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Report: MTA needs to cut $17 billion to replace congestion toll money

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(The Center Square) — New York City’s transit system needs to slash $17 billion from its capital plan after Gov. Kathy Hochul put the brakes on a congestion pricing program that would have diverted billions to infrastructure needs, according to a report by the state’s top bean counter.

The report by state Comptroller Tom DiNapoli said unless the Metropolitan Transportation Authority can fill the estimated $15 billion funding gap that would have come from the additional tolling revenue, the agency will need to shelve at least $17 billion in capital projects aimed at upgrading the century-old transit system and attract new riders.

That includes cuts DiNapoli said will be needed to avoid the MTA losing $2 billion of federal money that’s tied to work on extending New York City’s Second Avenue subway to Harlem, a project that has been put on hold following Hochul’s decision.

“The MTA will be forced to put off badly needed investment in expansion and improvements to the system,” DiNapoli said in a statement. “Those choices will directly affect riders.”

The congestion pricing plan, which called for charging motorists a new $15 toll to enter Manhattan, was projected to raise $1 billion annually for the transit agency, which had planned to leverage the funds to borrow $15 billion to upgrade subway signals and stations to make them more accessible, among other projects.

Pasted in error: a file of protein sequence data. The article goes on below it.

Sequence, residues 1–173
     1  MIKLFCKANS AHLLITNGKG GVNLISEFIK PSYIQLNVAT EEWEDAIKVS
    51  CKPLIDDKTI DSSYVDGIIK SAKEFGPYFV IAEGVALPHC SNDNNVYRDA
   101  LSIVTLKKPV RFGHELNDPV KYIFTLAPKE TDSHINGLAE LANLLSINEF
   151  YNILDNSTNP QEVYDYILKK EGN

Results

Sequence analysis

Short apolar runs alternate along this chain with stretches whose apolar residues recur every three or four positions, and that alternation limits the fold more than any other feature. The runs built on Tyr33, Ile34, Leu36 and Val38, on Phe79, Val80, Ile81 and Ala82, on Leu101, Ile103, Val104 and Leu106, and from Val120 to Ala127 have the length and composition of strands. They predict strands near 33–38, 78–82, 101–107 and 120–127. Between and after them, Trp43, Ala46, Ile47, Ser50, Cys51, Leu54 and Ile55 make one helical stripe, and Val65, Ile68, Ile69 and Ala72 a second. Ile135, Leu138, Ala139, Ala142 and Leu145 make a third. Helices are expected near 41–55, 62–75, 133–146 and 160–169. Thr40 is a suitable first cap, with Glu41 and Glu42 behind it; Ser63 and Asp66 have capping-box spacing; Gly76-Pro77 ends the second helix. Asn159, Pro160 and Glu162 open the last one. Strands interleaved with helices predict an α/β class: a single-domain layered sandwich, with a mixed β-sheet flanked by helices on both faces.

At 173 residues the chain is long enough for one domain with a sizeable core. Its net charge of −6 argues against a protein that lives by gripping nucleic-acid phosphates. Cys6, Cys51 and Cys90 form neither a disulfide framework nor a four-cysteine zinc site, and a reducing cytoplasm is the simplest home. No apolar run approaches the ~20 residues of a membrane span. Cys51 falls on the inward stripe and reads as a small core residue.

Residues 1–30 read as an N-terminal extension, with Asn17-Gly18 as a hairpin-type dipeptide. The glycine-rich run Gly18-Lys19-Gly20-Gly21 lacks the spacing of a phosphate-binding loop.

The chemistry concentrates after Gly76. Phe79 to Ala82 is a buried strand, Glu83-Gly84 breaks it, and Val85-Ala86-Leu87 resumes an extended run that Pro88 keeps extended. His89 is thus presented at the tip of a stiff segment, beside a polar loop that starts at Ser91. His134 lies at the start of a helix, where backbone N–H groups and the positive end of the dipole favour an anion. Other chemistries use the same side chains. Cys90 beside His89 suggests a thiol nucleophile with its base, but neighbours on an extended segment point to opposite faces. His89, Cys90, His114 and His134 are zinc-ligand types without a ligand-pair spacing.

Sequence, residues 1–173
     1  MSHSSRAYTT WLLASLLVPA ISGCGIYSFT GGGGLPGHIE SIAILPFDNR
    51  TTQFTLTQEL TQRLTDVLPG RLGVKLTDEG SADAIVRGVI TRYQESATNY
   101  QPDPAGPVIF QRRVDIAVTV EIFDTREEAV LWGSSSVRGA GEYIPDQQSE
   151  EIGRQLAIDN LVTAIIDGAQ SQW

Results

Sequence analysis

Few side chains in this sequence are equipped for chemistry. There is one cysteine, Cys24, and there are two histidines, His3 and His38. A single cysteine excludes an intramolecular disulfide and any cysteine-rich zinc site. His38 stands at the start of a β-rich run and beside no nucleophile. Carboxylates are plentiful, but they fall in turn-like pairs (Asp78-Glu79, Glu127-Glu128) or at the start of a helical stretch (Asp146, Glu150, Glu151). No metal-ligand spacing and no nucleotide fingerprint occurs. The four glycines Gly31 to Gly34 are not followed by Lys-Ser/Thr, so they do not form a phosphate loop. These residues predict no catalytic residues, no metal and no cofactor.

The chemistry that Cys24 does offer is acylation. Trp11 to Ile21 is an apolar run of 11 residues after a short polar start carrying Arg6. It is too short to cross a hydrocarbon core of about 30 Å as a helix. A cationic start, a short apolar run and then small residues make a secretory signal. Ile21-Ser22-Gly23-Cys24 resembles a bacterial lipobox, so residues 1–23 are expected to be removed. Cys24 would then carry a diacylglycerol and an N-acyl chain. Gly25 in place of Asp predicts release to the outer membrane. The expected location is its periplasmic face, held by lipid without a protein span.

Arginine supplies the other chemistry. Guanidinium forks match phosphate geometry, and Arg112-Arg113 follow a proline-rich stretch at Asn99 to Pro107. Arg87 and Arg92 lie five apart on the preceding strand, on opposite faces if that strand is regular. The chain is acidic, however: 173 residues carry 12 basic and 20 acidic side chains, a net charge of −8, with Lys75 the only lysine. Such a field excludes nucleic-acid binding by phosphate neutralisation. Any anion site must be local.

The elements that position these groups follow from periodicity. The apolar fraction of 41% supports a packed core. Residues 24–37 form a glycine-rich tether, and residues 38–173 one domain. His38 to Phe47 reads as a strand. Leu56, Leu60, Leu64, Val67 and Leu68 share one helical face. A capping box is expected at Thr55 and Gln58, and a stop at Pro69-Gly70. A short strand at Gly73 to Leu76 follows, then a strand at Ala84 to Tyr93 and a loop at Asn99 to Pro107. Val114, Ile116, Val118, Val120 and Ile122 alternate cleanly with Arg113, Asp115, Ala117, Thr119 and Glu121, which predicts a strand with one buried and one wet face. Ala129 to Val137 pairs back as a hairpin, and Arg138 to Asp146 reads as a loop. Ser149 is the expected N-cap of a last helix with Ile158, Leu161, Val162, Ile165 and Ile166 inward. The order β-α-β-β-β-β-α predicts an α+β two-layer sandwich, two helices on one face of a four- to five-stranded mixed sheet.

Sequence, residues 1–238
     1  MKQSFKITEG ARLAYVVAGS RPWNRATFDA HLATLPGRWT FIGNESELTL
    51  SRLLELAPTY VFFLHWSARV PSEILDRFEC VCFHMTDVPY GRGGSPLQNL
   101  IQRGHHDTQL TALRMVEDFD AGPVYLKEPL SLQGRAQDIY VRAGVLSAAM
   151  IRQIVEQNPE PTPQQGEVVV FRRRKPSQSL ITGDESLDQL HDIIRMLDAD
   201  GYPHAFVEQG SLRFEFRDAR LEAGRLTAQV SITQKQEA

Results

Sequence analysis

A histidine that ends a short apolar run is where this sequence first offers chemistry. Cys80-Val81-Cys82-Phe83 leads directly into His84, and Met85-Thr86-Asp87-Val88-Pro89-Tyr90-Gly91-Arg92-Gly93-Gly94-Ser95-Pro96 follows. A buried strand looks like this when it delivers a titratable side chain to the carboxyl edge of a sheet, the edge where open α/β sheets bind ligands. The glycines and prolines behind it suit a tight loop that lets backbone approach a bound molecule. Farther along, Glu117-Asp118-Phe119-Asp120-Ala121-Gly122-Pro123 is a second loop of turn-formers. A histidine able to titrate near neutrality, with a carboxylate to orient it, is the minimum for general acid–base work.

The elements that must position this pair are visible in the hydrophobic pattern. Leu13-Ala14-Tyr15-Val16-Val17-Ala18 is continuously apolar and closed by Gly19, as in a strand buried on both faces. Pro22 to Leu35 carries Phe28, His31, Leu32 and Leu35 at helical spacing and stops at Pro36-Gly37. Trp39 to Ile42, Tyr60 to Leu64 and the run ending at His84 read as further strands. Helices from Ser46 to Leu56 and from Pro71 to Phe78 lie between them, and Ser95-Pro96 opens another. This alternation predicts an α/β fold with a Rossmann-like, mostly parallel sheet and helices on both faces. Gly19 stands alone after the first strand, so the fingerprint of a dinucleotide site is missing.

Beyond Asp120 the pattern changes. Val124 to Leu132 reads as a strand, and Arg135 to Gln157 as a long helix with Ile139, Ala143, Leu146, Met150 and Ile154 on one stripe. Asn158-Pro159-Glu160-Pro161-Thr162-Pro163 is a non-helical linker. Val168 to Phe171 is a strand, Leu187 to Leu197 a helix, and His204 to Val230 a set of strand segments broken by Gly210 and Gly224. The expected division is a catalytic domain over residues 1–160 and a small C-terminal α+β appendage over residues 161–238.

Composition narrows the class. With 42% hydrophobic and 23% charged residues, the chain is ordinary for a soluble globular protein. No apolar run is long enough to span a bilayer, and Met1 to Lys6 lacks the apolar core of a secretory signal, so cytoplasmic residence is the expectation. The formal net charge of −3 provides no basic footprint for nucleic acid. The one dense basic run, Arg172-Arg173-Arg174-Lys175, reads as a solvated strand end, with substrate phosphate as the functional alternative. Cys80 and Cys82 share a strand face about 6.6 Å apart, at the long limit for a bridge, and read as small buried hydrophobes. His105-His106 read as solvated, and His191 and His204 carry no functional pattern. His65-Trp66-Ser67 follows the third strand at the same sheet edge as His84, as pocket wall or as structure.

Hochul abruptly paused the tolling initiative earlier this month, citing concerns about the impact of higher tolls on small businesses and working families.

DiNapoli said the “significant” funding shortfall from Hochul’s decision “compels” the transit agency to “provide an honest and transparent accounting of what it can afford and which capital projects it will prioritize and why” as it discusses plans to plug the revenue gaps.

“The MTA’s decisions should ensure the basic maintenance of the system — safety, reliability and frequency — until it identifies realistic and sustainable replacement revenue,” he said.

DiNapoli’s report comes ahead of a Wednesday meeting of the MTA’s Board of Directors, who are expected to discuss which capital projects may be deferred to fill the $15 billion deficit and preserve billions in federal funds.

MTA officials have warned the agency will need to focus on state-of-good-repair projects to maintain safe and reliable service without congestion pricing money.

The Citizens Budget Commission, a nonpartisan fiscal watchdog, is pressuring Hochul to “unpause” congestion pricing “instead of scrambling to identify substitute revenue and risk a short-sighted decision that does not serve the long run.”

“Make no mistake, the MTA’s ability to proceed for some time without congestion pricing revenue does not mean the pause is painless,” Andrew Rein, the commission’s president, said in a statement. “It accelerates the opening of an operating budget hole and risks wisely sourced financing that produces multiple benefits.”

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